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What are the measures to take to ensure the safety of the person who is spotting a climber?

  • So the spotters safety? Not the climber? – user2766 Jun 9 '16 at 14:34
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    #1: Wear a helmet! – Roflo Jun 9 '16 at 15:22
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This is not a complete list per se.

  • If bouldering outdoors, particularly with an overhang, wear a helmet. This isn't to protect you from a fall, it's to protect your head for if rocks get knocked down onto you.

  • When spotting, maintain an athletic stance. If you just stand normally, you won't be able to absorb impact from a fall as well.

  • "Spoons, not forks" for your hands. When spotting, keep your fingers together, not spread out. Individual fingers sticking out are more likely to get caught on something or twisted weirdly.

  • If the climber falls, do not try to catch them. Guide them gently to the ground, ensuring they don't hit their head on anything. The purpose of a spotter is not to break a fall (which is likely to hurt both the climber and the spotter), it is to guide the fall to ensure the climber doesn't hit something dangerous on their way down.

  • Be mindful of what's around you. Clear large debris if possible, like branches or movable rocks. If you get knocked down, you don't want to hit something and get injured.

  • I like to wear some kind of sunglasses or even cheapo safety glasses if it's not sunny. Dirt and small rocks often gets knocked off the rock, which is very annoying to get in your eyes.

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  • I was once "thrown" back (after/while successfully securing the climber's fall) and there was a rock behind me. Helmet helped there too. – Roflo Jun 10 '16 at 14:49
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You have one principle risk of injury as a spotter, and that is from a climber falling on top of you or hitting you.

As a spotter, your job is simply to direct falls to the crash pad. You are not there to actually catch the person, you are not there to be a crashpad, you are there to ensure that the pad stays under the climber, and that the climber lands safely on the pad. If you are standing underneath the climber, or standing on top of the crashpad, then you are potentially putting yourself at risk.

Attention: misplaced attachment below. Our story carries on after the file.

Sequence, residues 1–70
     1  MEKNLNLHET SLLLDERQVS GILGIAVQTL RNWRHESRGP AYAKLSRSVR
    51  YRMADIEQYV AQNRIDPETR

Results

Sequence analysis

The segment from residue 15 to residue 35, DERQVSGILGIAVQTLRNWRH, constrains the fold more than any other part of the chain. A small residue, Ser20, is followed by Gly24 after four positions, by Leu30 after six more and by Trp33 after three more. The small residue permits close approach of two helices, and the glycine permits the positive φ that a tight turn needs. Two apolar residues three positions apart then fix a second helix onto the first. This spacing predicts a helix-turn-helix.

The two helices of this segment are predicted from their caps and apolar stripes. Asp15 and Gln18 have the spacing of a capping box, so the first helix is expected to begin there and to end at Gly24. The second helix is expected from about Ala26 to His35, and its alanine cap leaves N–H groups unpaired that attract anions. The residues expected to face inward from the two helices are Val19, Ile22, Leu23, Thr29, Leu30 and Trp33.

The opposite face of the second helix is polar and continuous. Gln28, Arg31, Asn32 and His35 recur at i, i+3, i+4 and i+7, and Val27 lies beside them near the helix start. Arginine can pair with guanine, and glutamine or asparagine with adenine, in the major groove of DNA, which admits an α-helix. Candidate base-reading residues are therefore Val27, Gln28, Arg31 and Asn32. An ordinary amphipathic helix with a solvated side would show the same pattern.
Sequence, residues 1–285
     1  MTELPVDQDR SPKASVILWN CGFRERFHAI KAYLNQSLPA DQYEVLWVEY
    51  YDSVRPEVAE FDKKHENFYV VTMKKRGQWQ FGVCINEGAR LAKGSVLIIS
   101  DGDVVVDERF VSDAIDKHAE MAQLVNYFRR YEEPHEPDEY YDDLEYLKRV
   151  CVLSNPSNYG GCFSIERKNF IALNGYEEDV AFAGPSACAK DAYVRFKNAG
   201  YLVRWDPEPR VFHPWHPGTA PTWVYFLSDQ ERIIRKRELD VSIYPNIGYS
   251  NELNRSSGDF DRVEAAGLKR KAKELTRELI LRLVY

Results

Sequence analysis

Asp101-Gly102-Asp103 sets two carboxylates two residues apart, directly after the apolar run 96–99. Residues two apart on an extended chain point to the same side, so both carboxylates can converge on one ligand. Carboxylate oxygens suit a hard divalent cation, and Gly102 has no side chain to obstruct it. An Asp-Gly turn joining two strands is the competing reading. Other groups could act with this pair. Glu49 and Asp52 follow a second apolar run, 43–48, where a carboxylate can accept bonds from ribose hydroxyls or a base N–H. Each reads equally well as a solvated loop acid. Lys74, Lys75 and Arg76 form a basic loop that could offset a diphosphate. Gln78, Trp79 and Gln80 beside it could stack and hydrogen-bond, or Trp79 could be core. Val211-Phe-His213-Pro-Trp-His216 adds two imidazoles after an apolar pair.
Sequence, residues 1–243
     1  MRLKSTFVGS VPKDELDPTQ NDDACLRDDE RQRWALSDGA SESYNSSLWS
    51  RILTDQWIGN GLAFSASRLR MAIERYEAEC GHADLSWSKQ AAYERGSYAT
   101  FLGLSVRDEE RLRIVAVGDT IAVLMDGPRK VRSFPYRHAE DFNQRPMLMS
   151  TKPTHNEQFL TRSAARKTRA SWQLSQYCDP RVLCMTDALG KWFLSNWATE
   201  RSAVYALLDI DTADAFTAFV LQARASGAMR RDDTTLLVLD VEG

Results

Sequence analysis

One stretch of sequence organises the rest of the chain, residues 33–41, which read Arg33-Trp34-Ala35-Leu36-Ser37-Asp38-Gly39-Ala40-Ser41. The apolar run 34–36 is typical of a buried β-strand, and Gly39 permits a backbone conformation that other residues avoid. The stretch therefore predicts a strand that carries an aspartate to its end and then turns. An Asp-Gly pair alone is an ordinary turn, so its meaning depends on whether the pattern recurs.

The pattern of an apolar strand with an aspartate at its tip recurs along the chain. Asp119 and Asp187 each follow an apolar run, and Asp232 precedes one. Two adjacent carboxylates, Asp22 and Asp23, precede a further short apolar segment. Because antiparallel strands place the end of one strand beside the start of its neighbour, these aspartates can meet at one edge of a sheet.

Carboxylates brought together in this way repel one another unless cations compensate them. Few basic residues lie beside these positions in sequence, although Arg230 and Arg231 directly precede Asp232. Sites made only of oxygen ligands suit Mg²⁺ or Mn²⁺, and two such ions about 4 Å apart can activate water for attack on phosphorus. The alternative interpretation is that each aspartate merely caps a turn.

When you spot, keep your hands up and behind the climbers centre of mass, this is above the waist in men, lower on women. Be alert when the climber is working through their beta, and be prepared for a fall during difficult or dynamic moves. If the problem they're on traverses a boulder, you may need to move the pad(s) to keep them under the climber at all times. It's important to do this while they're going through an easier section of the problem or resting on a hold, and not right when they're about to attempt a difficult move when they really need a spot. It's good to have more than one spotter for problems like this, one to move the pad, and the others to spot the climber. When the climber falls, don't try to stop their fall, just put your hands on them and catch the fall by helping them land on their feet/butt first and directing them to the middle of the pad. You are there to direct their fall to the pad, and help them avoid injury. If a climber falls head first, do not try to catch their head! Get your hands on their back and direct their feet to the pad.

Use your legs! When going down with the climber, go all the way down with them, get your hands behind their centre of mass and bend at the knees as you bring them down towards the mat. Even though you're not catching their full weight, taking a person to the chest can be jarring, and you can hurt your self or your back if you catch their fall wrong.

Mind your surroundings! just because the climber is safe if they fall doesn't mean you will be. There are situations where a climber can swing out and knock you in the head or knock you into another rock/tree/person/off a cliff/whatever, make sure wherever you stand, you aren't going to get hit or hurt if the climber falls.

One other thing you could do is make sure that your climbing partner doesn't try doing something stupid, like highballing some crumby climb without proper protection. I was out scrambling with a friend one time who wanted to impress his girlfriend by climbing up to a window he spotted up on a cliff face. I started to follow, but decided eight feet up that it would be too sketchy to down climb, so I waited at the bottom. On his way down my friend got ledged out and couldn't find any more feet holds despite me shouting some out to him. He eventually got pumped out and lost his grip on the rock. I had no choice but to full on try to catch him or else he was going to do damage to himself and tumble all the way down the big scree slope below us, likely ending up a big smear on a rock. I caught him around the middle, and dug me feet in to prevent him from taking us both down the mountain, we both got hurt to some degree, but I absorbed some of his fall and prevented us both from going down the slope.

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  • 2
    -1. Spotter has far more than one risk. – user5330 Jun 10 '16 at 4:01

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